The Ear Store seeks startup capital of $6 million from a group of dynamic investors who will complement the technical and creative expertise of the existing team, especially in the areas of retail and national name-branding. A strong investment team in conjunction with the outstanding Ear Store lineup and our proprietary technologies will create a significant force in the hearing aid industry and in the business community as a whole.




Description of Venture

1.Introduction

The Ear Store is a conveniently-located hearing aid vendor that will provide its customers throughout the nation with fast, affordable, high quality, one-stop hearing service. Goods and services include hearing aids, Assistive Listening Devices (ALDs)4, and certified hearing evaluations from a licensed audiologist5—the best ear care available without seeing a doctor. The Ear Store is unique because our product line is centered on instant-fit digital and disposable hearing aids—two recent innovations that will satisfy the needs of first time buyers and “casual” wearers

2. Products

2.1 Disposable Hearing Aids:

Songbird brand is the only disposable on the market. This device has a built-in battery that lasts for the intended life of the device (approx. 40 days). In response to various shortcomings of this Songbird, The Ear Store will release its own line of disposables within the first year of operation.

2.2 Limited Wear™ Hearing Aids:

The market currently lacks an intermediately-priced high-quality device to bridge the gap between the $80/pr disposables and the $3000/pr digitals. The Ear Store has identified various existing devices that can be modified to satisfy this niche and will release its own brand of proprietary Limited Wear™ hearing aids within the first year of operation. This product line will enable a customer to own multiple pairs for different aural situations such as concerts (no background noise) or parties (lots of background noise)—much like owning multiple pairs of eyeglasses. Both the Limited Wear™ and disposable models are currently being developed with the assistance of the Physics Entrepreneurship Program at Case Western Reserve University and a potential grant from the National Collegiate Inventors and Innovators Association.

2.3 Instant fit hearing aids:

Of the few instant fit hearing aids on the market, The Ear Store has singled-out one particularly inexpensive, high quality device: The Conforma® by Sonic Innovations6. This same company is about to release another model of higher quality and lower cost called the “Odyssey.” The Ear Store is currently evaluating other instant fit devices such as the Aspire® by Siemens and two digital/analog hybrids from Earcraft and The Hearing Shop. Within the first 3 years of operation, The Ear Store will have its own brand of instant fit.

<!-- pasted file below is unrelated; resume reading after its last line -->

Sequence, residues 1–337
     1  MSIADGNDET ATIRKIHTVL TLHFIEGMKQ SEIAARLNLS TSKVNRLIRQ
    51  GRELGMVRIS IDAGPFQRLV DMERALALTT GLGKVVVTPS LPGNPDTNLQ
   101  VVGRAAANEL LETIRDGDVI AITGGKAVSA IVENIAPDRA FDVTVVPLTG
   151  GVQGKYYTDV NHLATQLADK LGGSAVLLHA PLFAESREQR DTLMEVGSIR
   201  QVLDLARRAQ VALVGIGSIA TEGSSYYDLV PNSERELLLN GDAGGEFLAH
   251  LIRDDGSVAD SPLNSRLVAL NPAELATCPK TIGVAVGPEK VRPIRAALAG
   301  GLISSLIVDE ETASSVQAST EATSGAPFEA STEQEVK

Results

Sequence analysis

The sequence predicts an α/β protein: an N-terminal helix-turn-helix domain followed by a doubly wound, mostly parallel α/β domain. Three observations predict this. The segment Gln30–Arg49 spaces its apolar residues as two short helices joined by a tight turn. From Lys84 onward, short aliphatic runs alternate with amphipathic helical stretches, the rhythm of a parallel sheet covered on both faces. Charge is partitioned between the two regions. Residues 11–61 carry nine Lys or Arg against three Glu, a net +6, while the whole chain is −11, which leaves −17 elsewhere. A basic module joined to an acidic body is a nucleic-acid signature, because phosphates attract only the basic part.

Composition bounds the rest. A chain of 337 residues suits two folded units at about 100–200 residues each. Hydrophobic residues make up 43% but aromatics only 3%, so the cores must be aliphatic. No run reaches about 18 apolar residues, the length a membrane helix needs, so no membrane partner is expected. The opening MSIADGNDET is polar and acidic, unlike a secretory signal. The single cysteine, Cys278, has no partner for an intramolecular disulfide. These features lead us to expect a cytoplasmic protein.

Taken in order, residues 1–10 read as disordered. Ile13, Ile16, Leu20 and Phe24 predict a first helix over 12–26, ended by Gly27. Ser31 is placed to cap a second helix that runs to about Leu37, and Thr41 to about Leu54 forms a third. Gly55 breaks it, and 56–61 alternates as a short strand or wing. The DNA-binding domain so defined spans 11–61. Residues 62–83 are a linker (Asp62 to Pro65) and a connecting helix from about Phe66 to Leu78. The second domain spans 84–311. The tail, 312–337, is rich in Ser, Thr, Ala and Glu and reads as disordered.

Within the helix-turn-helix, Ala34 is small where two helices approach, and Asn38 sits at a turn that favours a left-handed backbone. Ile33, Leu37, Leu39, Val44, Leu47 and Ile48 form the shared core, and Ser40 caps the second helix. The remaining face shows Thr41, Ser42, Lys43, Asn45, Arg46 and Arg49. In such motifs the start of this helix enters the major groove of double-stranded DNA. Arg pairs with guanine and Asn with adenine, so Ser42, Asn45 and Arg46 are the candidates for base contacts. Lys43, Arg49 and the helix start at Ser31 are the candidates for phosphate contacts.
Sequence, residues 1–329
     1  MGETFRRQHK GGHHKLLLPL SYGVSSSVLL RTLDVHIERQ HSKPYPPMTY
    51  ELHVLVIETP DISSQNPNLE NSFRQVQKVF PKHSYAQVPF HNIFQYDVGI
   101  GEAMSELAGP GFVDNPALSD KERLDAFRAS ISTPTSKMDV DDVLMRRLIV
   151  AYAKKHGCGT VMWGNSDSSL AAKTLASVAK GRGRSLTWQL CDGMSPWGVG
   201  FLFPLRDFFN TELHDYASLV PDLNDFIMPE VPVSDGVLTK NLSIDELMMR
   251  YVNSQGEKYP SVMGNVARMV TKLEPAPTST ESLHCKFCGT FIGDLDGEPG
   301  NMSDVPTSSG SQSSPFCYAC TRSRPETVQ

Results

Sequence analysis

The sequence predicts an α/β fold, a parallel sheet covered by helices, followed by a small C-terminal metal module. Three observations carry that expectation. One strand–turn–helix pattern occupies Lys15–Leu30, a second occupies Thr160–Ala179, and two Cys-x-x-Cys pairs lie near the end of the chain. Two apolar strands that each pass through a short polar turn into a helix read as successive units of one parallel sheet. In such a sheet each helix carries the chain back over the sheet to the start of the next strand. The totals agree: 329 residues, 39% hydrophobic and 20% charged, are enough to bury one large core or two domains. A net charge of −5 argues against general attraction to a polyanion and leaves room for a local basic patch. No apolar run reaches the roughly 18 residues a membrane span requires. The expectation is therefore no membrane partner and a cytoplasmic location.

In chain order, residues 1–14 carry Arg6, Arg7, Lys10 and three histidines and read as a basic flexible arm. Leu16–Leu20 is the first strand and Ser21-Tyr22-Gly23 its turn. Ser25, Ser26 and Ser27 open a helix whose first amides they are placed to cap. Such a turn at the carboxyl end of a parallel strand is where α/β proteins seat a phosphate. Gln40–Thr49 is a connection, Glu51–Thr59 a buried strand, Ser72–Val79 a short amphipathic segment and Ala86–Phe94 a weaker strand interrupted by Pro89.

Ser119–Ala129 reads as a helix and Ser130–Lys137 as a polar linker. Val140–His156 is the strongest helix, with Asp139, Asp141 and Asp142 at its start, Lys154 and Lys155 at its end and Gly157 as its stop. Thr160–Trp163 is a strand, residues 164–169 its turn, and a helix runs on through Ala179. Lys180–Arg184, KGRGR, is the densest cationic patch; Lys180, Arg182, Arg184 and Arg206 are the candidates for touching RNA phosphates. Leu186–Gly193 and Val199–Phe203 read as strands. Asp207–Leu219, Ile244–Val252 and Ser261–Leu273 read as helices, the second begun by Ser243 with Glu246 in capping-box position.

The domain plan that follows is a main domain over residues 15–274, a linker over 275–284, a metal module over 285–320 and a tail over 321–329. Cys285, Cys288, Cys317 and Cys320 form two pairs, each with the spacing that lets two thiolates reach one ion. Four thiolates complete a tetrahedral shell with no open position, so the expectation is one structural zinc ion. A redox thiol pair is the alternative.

2.4 Assistive Listening Devices (ALDs):

The Ear Store will sell telephones, telephone accessories, television/home theater accessories, personal amplifiers, doorbell/fire alert systems, and do-it-yourself public systems for small organizations. For a complete list of current “Ear Store Approved” devices see appendix. The Ear Store will release its own brand of programmable ALDs within first 3 years of operation.

2.5 Hybrid Devices:

The Ear Store Earbud Audio Interfaces™ are proprietary hi-fidelity multi-purpose in-the-ear devices that will enable any person (not just the hard-of-hearing) to listen to music, talk on the phone, etc. while having the option of conversing with someone standing next to them in the same room. These will be released within 5-7 years

3. Services

3.1 Audiology:

The Ear Store will be staffed by certified professional audiologists. Services offered will include ANSI certified hearing evaluations, consultations, assistance with the purchase of the correct hearing instrument, proper fitting of the device, and customer education. In order to insure customer satisfaction, 2 follow-up visits are included in the purchase price of each pair of non-disposable hearing aids. Other services include quick, safe earwax removal and referral to a physician if needed.

3.2 Information Technology